Donations get heart research projects pumping
Continuous funding is crucial to allow life-saving pilot research projects to be undertaken and continue to completion. Professor Figtree explains their work is heavily reliant on philanthropic support from various sources, including NORTH Foundation, Heart Research Australia, and the National Heart Foundation.
“We rely on the philanthropic contributions to support innovative new ideas and build up data to be successful with other national and international competitive sources”.
Working on the front line, directly with patients, reinforces just how important that new research continues. Not a day goes by that Professor Figtree doesn’t meet a patient or two who have or could benefit from some of the outcomes that cardiology research uncovers.
Often it is patients that help direct change, raise awareness and secure initial support of research programs.
Professor Figtree attributes the increase in public awareness and education as having led to members of the public being able to help resuscitate individuals through CPR before entering the Cath lab – saving lives and improving outcomes.
One patient who springs to mind making a difference in this area is Ian Hutchinson (Hutch) and his journey to becoming a strong advocate for cardiac education and awareness.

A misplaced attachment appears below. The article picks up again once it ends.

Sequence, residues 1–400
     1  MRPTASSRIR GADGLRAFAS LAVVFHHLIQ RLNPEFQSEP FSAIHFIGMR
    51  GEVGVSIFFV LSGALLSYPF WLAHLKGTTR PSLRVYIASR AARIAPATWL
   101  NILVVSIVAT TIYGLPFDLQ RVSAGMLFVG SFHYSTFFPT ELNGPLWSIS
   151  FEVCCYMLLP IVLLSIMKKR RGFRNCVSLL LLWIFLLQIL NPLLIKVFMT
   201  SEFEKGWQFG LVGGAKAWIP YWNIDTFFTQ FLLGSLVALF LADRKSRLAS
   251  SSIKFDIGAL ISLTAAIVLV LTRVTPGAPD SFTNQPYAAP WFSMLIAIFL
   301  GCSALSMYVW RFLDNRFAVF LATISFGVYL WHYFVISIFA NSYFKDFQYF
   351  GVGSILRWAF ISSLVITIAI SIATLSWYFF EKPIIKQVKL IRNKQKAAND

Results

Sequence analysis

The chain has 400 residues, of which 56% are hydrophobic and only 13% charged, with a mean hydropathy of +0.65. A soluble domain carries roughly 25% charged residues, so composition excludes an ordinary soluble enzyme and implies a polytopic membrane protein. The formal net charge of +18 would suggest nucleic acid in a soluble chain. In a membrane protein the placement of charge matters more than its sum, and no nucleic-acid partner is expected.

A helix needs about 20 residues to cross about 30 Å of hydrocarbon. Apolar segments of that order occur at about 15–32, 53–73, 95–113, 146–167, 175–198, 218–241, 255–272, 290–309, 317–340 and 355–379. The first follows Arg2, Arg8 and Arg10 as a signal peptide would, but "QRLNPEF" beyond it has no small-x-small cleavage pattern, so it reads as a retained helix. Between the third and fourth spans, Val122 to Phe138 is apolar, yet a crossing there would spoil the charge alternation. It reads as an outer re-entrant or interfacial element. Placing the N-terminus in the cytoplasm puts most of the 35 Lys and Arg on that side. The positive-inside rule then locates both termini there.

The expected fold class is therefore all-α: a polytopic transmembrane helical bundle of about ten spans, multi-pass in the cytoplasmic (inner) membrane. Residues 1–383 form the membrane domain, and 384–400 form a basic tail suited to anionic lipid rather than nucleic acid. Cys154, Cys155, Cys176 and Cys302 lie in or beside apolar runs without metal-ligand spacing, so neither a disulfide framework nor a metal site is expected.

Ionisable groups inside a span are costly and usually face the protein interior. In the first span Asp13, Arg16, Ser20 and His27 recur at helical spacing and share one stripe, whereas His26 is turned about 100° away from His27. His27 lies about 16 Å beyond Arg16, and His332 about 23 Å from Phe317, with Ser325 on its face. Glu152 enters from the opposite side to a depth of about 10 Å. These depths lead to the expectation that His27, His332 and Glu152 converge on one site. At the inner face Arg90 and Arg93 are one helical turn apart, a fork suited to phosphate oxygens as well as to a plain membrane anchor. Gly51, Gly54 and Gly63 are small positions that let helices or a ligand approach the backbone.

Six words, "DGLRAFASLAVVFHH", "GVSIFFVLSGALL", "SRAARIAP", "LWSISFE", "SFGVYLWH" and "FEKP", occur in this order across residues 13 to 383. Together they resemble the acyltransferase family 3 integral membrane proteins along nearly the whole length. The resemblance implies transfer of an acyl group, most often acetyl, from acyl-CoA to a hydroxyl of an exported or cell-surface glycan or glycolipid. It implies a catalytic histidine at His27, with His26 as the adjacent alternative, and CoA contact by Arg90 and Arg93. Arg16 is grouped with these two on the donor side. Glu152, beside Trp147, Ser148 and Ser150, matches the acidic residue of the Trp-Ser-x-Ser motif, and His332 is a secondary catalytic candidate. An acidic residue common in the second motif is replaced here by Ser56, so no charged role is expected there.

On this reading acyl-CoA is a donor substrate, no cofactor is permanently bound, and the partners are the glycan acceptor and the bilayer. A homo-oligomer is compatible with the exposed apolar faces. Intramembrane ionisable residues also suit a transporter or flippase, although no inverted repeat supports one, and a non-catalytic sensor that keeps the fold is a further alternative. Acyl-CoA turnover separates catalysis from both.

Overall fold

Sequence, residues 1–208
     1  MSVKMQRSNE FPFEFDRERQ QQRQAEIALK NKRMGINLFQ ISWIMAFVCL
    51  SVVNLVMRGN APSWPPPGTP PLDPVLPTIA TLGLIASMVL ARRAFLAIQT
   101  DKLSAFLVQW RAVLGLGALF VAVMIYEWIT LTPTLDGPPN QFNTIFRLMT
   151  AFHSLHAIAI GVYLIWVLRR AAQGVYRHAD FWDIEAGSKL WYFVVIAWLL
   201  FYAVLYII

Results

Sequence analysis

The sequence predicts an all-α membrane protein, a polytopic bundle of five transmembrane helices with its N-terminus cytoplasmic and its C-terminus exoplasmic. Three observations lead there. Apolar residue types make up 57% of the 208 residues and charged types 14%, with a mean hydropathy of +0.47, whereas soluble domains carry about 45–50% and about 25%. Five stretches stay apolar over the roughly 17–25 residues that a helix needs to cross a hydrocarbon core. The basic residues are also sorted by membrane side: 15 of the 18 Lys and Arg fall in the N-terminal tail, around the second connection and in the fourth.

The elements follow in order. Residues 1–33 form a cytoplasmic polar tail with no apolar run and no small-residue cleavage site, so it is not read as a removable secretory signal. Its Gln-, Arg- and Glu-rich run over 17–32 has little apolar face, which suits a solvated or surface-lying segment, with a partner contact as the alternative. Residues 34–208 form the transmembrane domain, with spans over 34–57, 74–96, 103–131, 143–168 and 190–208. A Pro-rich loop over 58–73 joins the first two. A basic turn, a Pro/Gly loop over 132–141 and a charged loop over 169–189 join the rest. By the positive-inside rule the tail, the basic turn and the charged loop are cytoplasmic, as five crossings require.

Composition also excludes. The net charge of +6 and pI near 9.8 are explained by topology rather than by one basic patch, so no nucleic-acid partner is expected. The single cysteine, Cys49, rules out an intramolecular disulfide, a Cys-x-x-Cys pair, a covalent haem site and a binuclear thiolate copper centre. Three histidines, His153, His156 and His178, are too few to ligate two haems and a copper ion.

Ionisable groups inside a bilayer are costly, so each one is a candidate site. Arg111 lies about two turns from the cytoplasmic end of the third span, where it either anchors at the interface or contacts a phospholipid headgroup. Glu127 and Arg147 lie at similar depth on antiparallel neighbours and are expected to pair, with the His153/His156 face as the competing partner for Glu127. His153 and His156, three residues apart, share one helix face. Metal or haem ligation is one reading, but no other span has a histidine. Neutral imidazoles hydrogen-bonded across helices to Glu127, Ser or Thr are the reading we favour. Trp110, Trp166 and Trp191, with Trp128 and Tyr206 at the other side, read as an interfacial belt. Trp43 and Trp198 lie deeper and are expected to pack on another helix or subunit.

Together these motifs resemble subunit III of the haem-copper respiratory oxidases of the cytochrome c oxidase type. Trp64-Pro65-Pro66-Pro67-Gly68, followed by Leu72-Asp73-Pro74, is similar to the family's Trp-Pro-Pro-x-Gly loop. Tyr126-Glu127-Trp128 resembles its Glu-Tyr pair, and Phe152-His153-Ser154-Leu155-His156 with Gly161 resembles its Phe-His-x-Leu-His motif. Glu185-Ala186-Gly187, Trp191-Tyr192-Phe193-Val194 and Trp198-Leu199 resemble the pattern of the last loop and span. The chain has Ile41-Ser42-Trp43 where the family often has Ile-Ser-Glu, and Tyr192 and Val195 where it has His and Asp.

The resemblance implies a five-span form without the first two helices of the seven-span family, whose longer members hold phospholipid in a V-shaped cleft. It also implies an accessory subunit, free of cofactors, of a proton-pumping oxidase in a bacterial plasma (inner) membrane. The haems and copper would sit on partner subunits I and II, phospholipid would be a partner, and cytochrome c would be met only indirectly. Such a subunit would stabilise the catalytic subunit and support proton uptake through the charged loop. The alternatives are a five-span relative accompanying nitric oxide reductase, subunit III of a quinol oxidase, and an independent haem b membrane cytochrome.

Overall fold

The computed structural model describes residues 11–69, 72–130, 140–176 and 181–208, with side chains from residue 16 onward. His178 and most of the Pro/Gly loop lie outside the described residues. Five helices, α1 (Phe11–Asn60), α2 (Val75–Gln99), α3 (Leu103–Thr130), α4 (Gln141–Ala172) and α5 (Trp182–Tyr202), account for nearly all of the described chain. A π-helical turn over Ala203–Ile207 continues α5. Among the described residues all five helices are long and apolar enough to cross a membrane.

After his cardiac arrest experience, Hutch decided to set up a program called ‘CPR BBQ’ offering CPR and resuscitation education and training in a social setting. You can read more of Hutch’s story here and how powerful a change one person can make.
You can directly support Professor Figtree’s critical cardiology research and her team within the Cardiovascular Discovery Group at the Kolling Institute.
By choosing to make a monthly donation, you can help us provide long-term strategic funding within the Kolling Institute.
You can donate to this research area directly online on our website. Our researchers are grateful for every donation they receive.
About the Cardiovascular Discovery Group
The Cardiology Discovery Group’s main objective is to improve the survival and well-being of people with heart disease. This is achieved through two teams. The discovery group, mostly made up of biomedical researchers, focusing on understanding the normal mechanisms and coming up with new therapies. The clinical group manages large cohort studies and clinical trials that are emerging from the discovery group.